Opinion
Student Well-Being Opinion

The Silent Majority

By Ronald A. Wolk — April 15, 2005 3 min read
  • Save to favorites
  • Print

It’s ironic that the only people who have been excluded from the school reform debate are those most affected by it: the students. Except for occasional tokenism and the efforts of a few enlightened educators and reformers, their voices have been remarkably absent from the national discussion about the objectives of schooling and how we should achieve them.

That’s worth thinking about. Do we not believe that the people closest to the action have anything useful to say? (If that’s the case, we’re at least partly responsible.) Or are we afraid to ask them because we won’t like their answers?

The reform rhetoric of the past 25 years has been about making sure that children acquire the knowledge and skills they need to become productive, responsible citizens and to help sustain America’s economic welfare and democratic institutions. Common sense suggests that we’re more likely to accomplish these goals if schools model democratic principles in the way they conduct their business and give students the opportunity to participate in decisionmaking. If we want kids to become productive citizens, we should expose them to real-world issues, both in classrooms and in their communities. And if we want them to become responsible adults, we should expect them to take more responsibility for their education.

If we want kids to become responsible adults, we should expect them to take more responsibility for their education.

We tell students that they are the future, the leaders of tomorrow. But we do a poor job of preparing them for that role and behave as if we don’t have much confidence in them. Public schools are more about control and conformity than they are about unleashing the enormous untapped potential of their 50 million students.

There are some notable exceptions, and they offer a compelling lesson for teachers and administrators. One of them is Kennebunk High School in Maine. Students there have a pronounced voice, mainly because principal Nelson Beaudoin passionately believes they’ll use it constructively and creatively. “I would rather have a school of volunteers than a school of prisoners,” he said during a recent presentation. He later added: “We cannot expect students to accept responsibility unless we provide them with choices.”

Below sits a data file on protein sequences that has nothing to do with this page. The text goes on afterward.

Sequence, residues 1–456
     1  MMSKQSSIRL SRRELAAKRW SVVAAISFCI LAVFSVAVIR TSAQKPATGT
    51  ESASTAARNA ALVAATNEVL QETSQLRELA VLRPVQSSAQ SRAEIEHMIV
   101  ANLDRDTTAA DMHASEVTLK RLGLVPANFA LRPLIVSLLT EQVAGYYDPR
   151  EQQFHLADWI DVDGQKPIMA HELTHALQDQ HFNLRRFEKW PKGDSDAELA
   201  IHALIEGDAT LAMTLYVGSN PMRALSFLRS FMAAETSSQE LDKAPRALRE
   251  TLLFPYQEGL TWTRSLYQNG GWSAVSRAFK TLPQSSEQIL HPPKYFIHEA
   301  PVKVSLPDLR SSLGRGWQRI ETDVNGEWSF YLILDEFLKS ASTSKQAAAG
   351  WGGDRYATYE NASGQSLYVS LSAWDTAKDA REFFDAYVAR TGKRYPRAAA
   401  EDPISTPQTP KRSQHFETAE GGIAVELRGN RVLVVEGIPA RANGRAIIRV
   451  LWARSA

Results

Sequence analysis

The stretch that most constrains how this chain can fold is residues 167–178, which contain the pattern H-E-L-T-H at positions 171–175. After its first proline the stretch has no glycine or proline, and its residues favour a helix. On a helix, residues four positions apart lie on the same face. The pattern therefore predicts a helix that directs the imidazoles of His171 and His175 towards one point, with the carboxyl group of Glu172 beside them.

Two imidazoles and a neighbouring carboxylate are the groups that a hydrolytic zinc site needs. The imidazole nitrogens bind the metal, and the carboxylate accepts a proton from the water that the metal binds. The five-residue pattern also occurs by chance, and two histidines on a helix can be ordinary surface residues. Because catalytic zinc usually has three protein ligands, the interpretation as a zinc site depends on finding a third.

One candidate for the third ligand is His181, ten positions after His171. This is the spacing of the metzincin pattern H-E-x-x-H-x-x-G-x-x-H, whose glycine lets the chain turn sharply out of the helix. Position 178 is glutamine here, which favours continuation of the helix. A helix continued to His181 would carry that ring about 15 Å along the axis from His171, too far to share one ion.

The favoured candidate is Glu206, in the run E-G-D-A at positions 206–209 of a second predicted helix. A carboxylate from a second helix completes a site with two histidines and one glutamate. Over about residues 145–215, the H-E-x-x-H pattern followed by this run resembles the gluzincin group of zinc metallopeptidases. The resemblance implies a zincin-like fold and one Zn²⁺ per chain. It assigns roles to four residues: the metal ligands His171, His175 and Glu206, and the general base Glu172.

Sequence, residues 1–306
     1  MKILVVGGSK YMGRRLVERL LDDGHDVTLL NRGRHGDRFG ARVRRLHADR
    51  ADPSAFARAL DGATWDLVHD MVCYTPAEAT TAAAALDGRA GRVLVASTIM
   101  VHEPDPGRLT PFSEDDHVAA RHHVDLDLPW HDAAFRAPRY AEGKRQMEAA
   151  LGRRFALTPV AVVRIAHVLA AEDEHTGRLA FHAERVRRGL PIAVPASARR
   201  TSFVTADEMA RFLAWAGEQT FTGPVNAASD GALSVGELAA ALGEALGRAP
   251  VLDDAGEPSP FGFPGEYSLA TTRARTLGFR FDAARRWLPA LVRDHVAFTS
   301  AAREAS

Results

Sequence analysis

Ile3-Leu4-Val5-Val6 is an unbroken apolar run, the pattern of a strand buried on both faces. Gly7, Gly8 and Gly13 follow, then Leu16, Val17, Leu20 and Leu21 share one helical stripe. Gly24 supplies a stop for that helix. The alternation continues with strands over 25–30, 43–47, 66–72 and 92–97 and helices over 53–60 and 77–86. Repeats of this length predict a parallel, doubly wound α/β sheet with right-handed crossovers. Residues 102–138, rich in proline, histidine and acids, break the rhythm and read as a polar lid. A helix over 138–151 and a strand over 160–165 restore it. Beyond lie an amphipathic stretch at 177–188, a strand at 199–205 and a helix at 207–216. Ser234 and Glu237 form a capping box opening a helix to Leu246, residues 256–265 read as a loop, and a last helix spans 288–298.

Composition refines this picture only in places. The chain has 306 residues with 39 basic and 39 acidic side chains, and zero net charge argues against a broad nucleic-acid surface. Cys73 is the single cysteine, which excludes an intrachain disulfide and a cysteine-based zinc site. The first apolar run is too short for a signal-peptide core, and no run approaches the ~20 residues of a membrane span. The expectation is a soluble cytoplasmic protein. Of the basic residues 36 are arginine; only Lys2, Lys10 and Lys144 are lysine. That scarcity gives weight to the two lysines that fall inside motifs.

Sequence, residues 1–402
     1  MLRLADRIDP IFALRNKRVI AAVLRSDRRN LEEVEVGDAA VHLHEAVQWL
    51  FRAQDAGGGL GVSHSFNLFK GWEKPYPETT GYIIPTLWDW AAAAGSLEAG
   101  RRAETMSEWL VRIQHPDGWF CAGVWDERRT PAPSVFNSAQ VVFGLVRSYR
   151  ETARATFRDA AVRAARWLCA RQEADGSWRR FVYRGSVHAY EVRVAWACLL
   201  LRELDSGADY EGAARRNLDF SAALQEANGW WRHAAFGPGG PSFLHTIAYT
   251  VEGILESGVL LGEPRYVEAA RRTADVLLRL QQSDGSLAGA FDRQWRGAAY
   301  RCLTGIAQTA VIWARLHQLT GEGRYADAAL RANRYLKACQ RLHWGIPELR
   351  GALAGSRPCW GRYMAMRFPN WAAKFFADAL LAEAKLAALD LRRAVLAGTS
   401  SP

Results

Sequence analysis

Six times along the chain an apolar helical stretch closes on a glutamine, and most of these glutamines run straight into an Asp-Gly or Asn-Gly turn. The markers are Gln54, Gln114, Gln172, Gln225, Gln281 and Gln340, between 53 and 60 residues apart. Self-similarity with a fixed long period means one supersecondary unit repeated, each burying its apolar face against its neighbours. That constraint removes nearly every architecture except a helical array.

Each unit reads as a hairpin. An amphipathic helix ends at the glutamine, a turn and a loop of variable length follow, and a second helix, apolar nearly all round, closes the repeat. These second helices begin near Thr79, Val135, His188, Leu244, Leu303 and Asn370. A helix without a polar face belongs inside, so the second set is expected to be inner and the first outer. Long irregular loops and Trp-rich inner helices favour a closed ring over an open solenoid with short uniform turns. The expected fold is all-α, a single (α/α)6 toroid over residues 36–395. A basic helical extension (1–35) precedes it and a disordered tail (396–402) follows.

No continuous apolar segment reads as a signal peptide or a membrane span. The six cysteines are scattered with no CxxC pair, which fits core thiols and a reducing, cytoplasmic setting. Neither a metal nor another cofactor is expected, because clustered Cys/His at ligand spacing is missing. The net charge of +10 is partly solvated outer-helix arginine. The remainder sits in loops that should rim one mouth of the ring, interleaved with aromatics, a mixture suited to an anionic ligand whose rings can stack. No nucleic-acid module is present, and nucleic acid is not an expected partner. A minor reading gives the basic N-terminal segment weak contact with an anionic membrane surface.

Students participate in virtually every decision at Kennebunk High. They provide feedback to teachers on their courses and instruction. Instead of parent-teacher conferences, there are student-led conferences during which teenagers discuss their progress with parents and tell them who they are, where they’re going, and what they need to get there.

Kennebunk abandoned its elected student council (which was mainly a popularity contest) in favor of open membership. Any student can attend, and 40 to 50 show up at meetings instead of the handful of elected members who used to. The council is based on the legislative model: Students offer proposals, which are debated and ultimately voted on. And the decisions are not limited to such trivia as choosing a theme for the prom—the kids have a say in school rules and operating procedures.

Twice a month, council representatives meet for breakfast with Beaudoin to discuss school improvements. They have a representative on the school board who reports monthly to board members on behalf of the students. The school’s staff-leadership team consults regularly with students on important matters.